Assembly (Nearly) Complete

NASA’s space station manager looks back with satisfaction at one of history’s greatest construction projects.

Almost finished: NASA's Michael Suffredini, with a model of the International Space Station. (NASA/Paul E. Alers)
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Suffredini: We learned a lot from Mir with our Russian counterparts, and we’ve tried to take all of our knowledge over the years and use that in deciding how we’re going to build and operate a space station. Every single thing that flies to the station gets assessed for its flammability and off-gassing. You know how you paint your house and it smells; with a space station you can’t air it out. We worried about toxicity and stowage. We put in smoke detectors. Most importantly were the steps we’ve done to mitigate our design. To make sure we have oversized wires so you don’t get inadvertent warmups, and to make sure our cables are built carefully so you don’t have a concern for short circuits. By design, you can’t cause a fire [aboard the ISS] with a short circuit. In the case of Mir’s fire, that was specific to their oxygen generation system, which is a common system by the way. It’s used in the Navy on our subs.

A & S: Early ISS crews used to spend a good part of each day maintaining the station. How has that changed, even as the station has grown?

Suffredini: In the early stages, we were learning about the systems. A lot of them were new, and we were working the bugs out. We’ve gotten pretty experienced now, and we’re just about done with the assembly. So that has helped us learn when we need to do preventive maintenance. You haven’t noticed it as much because we have six crewmen now.

A & S: There’s been talk of extending the mission until 2020. How likely is that to happen?

Suffredini: I think it’s very likely. We’ve pretty much gotten indications from our lawmakers and from our partners that they’re willing to do that. When we did our analysis, we looked at a total 30-year life, from the first element launch in November 1998. So that takes you to 2028 and our analysis is we make it to 2028. The system will be fine. Although it’s not formalized in some of our agencies, all the agencies have indicated an interest in extending [the ISS] to 2020.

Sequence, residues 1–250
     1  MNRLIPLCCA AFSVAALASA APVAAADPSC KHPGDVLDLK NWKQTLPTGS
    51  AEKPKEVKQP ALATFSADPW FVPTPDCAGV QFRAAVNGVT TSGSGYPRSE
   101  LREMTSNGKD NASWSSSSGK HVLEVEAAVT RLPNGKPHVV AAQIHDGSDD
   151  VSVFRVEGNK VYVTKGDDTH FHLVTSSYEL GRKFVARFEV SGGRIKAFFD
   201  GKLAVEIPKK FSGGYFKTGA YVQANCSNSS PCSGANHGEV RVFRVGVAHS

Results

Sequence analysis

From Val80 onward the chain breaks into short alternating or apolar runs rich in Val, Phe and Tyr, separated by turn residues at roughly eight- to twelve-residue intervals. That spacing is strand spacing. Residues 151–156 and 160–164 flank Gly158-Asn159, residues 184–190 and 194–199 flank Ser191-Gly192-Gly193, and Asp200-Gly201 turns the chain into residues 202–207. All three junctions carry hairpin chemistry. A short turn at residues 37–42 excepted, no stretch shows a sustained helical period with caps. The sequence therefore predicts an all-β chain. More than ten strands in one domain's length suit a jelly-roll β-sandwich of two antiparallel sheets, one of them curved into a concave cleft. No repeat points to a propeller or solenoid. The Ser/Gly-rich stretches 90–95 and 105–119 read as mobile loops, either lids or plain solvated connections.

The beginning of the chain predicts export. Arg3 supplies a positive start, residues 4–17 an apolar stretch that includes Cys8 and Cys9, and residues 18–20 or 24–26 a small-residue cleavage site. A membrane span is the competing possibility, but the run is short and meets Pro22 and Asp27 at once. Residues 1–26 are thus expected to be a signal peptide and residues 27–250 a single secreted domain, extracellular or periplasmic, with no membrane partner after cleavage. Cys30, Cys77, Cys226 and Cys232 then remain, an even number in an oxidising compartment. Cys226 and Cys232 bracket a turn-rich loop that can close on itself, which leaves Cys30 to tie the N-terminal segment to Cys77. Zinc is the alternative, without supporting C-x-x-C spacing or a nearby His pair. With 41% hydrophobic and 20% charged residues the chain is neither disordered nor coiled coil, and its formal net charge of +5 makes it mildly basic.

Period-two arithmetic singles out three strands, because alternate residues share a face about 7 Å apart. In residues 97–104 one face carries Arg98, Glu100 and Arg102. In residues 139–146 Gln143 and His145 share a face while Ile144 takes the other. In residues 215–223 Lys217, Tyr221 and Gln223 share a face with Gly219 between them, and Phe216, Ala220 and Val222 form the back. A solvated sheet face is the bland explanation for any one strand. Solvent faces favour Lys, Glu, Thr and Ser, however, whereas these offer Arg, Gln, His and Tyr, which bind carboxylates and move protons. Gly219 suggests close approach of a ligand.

A & S: Will station crews continue going up for six-month stays?

Suffredini: From an ISS operational and research standpoint, six months is a pretty good stay. It takes one to two months for a crew to get really efficient. They have to learn where everything is, how to bounce around, what order they have to do things, all the procedures. You want them efficient, but you don’t want to wear them out. Eventually, I could see us extending an increment crew to longer than six months to practice and train for long-duration spaceflight like a trip to Mars. But if we’re just doing normal research, then six months is a good way to rotate your crews.

A & S: Will the size of the crew come down?

Suffredini: No. In fact, we’re designed on the U.S. side to take four crew. The ISS design is actually for seven. We operate with six because first, we can get all our work done with six, and second, we don’t have a vehicle that allows us to fly a seventh crew member. Our requirement for the new vehicles being designed is for four seats. So I don’t expect us to go down in crew size. I would expect us to increase it.

A & S: Will the ISS be the last space station we build?

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